Surrogate character, any of a range of Unicode codepoints which are used in pairs in UTF-16 to represent characters beyond the Basic Multilingual Plane.

In my point of view he wanted to ignore 8 bit stuff, meaning if the max was 0xFF. the 0xFF+1 would overflow and go back to 0x00. Making the comparison always false.

So if the code was compiled with chars of 8 bits. It would always return false (outside of the UTF-16 range) while if it compiles a char in >8 bits the 0xFF+1 would be 0x100 and still work.

Hope this makes some sence for you.

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char is always an unsigned 16-bit integer in java. The max is 0xDBFF and the min is 0xD800. –  Mike Samuel Nov 20 '11 at 23:05
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I'd say there is no really difference between the two ways of coding it, its just a matter of taste what you would prefer, since you haven't really any advantages of one of the two different implementations.

I was wondering why did the writer added 1 to the higher limit and doing a lesser-than compare, instead of simply doing a lesser-than-or-equal compare?

I mean, why would you prefer the second choice? Do I miss something here?

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I mean isn't the second choice more readable (makes more logical sense) to you too? –  Pacerier Nov 20 '11 at 20:21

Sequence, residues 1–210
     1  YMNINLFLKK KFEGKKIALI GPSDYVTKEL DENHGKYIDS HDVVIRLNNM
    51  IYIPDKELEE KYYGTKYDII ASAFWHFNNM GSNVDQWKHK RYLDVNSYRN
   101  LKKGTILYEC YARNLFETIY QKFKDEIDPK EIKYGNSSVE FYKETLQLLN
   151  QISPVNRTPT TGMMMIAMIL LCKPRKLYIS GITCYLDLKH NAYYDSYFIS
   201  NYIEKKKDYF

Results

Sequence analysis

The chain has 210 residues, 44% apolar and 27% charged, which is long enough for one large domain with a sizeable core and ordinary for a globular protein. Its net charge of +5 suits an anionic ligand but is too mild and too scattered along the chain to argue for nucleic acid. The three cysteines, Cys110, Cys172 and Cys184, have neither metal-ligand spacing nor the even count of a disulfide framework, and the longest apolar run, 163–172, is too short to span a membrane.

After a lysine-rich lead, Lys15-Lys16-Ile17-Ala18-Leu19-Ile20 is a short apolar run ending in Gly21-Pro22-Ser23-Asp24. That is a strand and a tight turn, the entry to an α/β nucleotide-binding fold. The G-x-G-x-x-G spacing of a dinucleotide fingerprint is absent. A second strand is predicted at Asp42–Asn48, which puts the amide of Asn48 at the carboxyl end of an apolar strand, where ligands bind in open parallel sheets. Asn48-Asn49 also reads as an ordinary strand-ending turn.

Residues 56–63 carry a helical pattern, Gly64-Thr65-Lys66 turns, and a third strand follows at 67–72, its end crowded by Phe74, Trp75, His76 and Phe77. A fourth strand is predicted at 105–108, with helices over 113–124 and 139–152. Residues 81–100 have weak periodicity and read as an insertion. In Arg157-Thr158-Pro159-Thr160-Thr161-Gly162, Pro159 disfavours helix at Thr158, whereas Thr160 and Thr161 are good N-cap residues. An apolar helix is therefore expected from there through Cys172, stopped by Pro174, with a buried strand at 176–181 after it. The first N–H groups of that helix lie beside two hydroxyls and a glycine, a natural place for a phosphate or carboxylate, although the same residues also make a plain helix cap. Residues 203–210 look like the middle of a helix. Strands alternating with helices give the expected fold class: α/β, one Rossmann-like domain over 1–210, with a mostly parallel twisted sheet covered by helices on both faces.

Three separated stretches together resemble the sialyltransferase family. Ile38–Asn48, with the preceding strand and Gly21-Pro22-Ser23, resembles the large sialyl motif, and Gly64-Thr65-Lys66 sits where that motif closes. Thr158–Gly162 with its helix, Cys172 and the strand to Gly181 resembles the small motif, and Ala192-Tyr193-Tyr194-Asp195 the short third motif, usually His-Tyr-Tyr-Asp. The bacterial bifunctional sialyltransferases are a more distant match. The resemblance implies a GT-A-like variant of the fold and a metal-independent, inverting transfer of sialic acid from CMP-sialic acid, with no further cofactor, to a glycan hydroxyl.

Nope, actually not since I would expect a difference of at least 1 between MAX and MIN and the + 1 brings this out for me, but thats just my pov. –  philomatic Nov 20 '11 at 20:25
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Because the author was a C++ or an assembler guy.

It's faster to make a >= than > and it's faster to do <= than <. Actually, when you write a < b the compiler makes a<=b+1, so it makes an addition and a compare, because the only available assembly instruction does <=. If you write that sum in the code by hand, a C++ compiler will change MIN_HIGH_SURROGATE + 1 with the actual value of the result at compile time. So you gain an instruction, and a cycle.

But all this strange reasoning is applying only for compiled code, like C++ or C. Or ASM.


Although there are instructions for each of the equality operators above (I was wrong), they all boil down to subtractions and (if needed) additions in microcode. Then the processor checks the sign bit of the result. So the above code formulation will still be faster.

To make sure there are no overflows when adding 1, the microprocessor first subtracts, then adds one.

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By that logic, if b is MAX_VALUE, then wouldn't that mean a < b gives overflow (which doesn't) ? –  Pacerier Nov 20 '11 at 20:24
You must make sure it doesn't happen. It's the programmer's job. –  sammy Nov 20 '11 at 20:25
On x86, at least, there are instructions for <= and <. Same for Java bytecode. Neither should be faster than the other. Consequently, I doubt the compiler converts one into the other. –  Oli Charlesworth Nov 20 '11 at 20:27
I mean in java when we do a < MAX_VALUE there isn't an overflow.. –  Pacerier Nov 20 '11 at 20:29
So it's possible that I am wrong... On the other hand, it's possible that the asm < is converted to <= r+1 by microcode. –  sammy Nov 20 '11 at 20:29